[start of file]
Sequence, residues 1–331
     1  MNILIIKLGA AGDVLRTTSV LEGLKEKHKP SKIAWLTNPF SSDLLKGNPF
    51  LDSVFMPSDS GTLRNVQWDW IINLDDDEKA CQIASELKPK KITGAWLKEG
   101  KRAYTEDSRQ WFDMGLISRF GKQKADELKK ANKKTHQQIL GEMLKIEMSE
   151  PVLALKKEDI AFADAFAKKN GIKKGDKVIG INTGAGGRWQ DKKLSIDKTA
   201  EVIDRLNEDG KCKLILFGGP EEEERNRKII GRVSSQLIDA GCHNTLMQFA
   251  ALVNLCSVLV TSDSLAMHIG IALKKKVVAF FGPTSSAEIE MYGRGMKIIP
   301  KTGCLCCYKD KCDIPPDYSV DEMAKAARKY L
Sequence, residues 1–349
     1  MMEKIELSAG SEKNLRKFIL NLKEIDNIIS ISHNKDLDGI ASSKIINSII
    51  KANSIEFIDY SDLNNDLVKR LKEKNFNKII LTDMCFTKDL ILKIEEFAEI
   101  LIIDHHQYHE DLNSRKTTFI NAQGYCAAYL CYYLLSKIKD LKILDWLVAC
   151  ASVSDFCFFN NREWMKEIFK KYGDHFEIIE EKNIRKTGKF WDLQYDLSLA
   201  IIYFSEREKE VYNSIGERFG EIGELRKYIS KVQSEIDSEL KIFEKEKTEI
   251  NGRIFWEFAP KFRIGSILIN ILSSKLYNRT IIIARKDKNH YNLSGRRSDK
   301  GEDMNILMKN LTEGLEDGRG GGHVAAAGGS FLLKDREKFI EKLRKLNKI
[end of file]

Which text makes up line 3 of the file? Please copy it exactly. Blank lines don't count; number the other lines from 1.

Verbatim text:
    51  LDSVFMPSDS GTLRNVQWDW IINLDDDEKA CQIASELKPK KITGAWLKEG